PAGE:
We’re Not Better Than This

Rep. Elijah Cummings wrapped up the day-long public hearing today with the repeated statement that “we are better than this.” I understand what he was trying to say but I have to say it is simply not true. Michael Cohen’s riveting and history-making testimony, supported by documents, showed conclusively that the sitting president of the United States engaged in fraudulent and criminal schemes to cover up payments that were directly related to the 2016 election, not to mention other matters related to tax fraud and other actions that were, even after Watergate, unimaginable for the highest officer in the federal government.

I have written elsewhere that I did not believe Cohen would lie in this testimony because he knows that Robert Mueller and the prosecutors in the Southern District of New York were watching. He also has seen what has happened to Paul Manafort whom Mueller has called to task for lying during his promised cooperation with the Special Prosecutor’s office. Cohen would have to be insane to testify falsely at this point. He may be many things, not much to admire, but I doubt he is insane.

For their part, the Republicans on the committee were unanimous in their relentless repetition of one theme: Cohen has lied before and can’t be trusted now. What is most compelling is that no Republican asked any questions about Trump’s conduct. Their entire “defense” was to attack, again and again, Cohen’s credibility while ignoring the documents Cohen produced to support his testimony. The best they could do was to place into the record articles written by various people about, again, Cohen’s credibility. The Republicans have, I suggest, essentially confessed that Cohen spoke the truth today. Their attempts to deflect were, I believe, a complete failure.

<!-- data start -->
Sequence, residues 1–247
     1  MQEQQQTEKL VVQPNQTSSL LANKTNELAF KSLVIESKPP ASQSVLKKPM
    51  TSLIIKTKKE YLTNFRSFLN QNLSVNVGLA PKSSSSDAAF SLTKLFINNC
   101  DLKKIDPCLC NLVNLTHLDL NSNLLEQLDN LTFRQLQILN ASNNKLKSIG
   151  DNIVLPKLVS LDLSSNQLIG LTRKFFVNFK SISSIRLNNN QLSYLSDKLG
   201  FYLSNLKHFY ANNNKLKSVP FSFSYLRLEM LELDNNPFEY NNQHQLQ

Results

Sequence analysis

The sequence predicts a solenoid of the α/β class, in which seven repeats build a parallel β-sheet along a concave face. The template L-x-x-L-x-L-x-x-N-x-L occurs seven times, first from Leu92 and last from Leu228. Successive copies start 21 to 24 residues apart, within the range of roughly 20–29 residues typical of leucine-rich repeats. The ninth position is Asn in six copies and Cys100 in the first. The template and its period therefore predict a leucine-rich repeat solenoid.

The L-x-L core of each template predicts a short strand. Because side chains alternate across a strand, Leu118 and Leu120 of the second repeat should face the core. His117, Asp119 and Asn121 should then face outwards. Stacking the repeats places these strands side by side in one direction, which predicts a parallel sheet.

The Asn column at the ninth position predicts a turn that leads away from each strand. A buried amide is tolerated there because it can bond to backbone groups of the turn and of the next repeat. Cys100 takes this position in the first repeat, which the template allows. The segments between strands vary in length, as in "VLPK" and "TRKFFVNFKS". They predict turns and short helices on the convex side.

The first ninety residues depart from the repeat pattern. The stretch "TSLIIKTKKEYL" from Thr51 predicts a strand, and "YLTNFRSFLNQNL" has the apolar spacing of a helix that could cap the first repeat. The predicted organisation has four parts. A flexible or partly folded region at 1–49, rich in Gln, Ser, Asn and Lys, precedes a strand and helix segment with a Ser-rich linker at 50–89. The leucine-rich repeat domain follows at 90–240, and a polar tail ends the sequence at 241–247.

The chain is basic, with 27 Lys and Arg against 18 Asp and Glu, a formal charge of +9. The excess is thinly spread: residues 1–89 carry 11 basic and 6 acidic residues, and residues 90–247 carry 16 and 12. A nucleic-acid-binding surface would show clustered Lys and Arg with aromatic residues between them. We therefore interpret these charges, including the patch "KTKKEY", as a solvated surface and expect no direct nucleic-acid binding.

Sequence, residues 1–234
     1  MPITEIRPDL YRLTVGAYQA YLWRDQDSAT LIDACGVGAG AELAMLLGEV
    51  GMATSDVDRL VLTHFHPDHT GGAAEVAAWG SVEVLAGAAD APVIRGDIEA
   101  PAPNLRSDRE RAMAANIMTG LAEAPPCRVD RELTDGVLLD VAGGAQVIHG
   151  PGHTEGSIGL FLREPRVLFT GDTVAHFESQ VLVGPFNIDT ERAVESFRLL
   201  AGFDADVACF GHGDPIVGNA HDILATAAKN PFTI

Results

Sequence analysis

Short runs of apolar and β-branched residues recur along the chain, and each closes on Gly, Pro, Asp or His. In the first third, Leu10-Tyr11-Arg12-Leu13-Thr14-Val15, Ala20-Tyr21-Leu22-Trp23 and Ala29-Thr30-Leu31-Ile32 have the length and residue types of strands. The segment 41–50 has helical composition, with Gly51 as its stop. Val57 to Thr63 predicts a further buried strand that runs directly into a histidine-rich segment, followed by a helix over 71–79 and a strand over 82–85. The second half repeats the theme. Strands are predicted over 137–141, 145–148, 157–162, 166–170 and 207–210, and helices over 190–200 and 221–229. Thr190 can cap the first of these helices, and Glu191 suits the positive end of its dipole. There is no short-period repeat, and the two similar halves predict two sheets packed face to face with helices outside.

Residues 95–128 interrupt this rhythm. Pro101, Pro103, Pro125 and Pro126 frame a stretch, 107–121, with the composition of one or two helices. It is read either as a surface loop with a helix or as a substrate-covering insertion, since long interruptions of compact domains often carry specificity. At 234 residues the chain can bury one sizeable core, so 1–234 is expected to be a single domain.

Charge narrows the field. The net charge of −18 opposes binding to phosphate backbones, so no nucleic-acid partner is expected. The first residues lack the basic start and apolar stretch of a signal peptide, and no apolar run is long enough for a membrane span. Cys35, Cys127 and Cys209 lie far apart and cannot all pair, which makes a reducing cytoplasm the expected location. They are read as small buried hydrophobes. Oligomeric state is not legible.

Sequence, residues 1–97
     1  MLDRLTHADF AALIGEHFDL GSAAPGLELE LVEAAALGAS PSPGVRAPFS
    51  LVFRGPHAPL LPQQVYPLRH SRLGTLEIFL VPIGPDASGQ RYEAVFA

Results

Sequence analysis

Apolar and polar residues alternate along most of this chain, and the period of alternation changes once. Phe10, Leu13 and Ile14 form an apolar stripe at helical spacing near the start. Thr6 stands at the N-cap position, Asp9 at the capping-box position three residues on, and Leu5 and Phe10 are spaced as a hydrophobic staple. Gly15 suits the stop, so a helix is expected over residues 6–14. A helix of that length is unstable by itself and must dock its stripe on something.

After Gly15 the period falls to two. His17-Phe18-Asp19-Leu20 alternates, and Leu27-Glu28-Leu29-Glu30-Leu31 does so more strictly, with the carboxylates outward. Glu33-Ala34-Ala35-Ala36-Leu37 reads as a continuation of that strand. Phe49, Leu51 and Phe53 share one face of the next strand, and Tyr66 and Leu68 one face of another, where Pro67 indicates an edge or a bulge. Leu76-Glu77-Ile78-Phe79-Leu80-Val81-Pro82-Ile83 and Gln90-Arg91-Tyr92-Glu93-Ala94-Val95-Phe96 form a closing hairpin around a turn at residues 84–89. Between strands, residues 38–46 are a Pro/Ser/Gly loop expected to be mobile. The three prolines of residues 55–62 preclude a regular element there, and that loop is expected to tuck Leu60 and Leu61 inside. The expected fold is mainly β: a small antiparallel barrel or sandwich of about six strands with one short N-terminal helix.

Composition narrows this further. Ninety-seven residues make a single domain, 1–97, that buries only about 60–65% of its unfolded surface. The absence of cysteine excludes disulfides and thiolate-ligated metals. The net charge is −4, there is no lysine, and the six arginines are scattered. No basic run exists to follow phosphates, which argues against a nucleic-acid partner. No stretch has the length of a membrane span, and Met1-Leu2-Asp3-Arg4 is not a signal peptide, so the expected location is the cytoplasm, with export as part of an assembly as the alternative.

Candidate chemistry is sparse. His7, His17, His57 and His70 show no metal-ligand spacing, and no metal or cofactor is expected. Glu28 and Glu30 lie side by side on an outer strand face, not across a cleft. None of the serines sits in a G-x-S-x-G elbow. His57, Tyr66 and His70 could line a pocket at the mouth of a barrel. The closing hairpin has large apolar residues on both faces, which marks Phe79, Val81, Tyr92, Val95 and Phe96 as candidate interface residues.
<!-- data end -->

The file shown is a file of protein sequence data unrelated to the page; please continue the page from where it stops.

That is not to say that Trump’s political base won’t continue to talk the party line in support of Trump. They will likely see the “rat” claim that Trump made as more compelling and important than the president’s underlying criminal behavior. It will be very interesting to see whether any Republican in Congress, in either house, concludes that the president is no longer supportable. I seriously doubt it.

A final observation. I don’t pretend to understand all the political machinations or strategies that underlie the holding of a hearing such as occurred today, but I was extremely concerned at Chairman Cummings’ reluctance to control the hearing. This enabled Republicans to posture, to talk over the witness, to interrupt other committee members and generally to comport themselves as a bunch of hooligans. Cummings allowed the Republicans to make repeated scurrilous comments about his motives and leadership without response. This was very disappointing. He has more patience than I do. In a similar situation, I would have rigorously enforced proper order and the courtesies that the Republicans loudly bemoaned when, for example, Rep. Tlaib objected to the sordid display of Republicans bringing a black woman into the committee area to “bear witness” to Trump’s alleged non-racism. Cummings should have ruled Reps. Meadows and Jordan were out of order.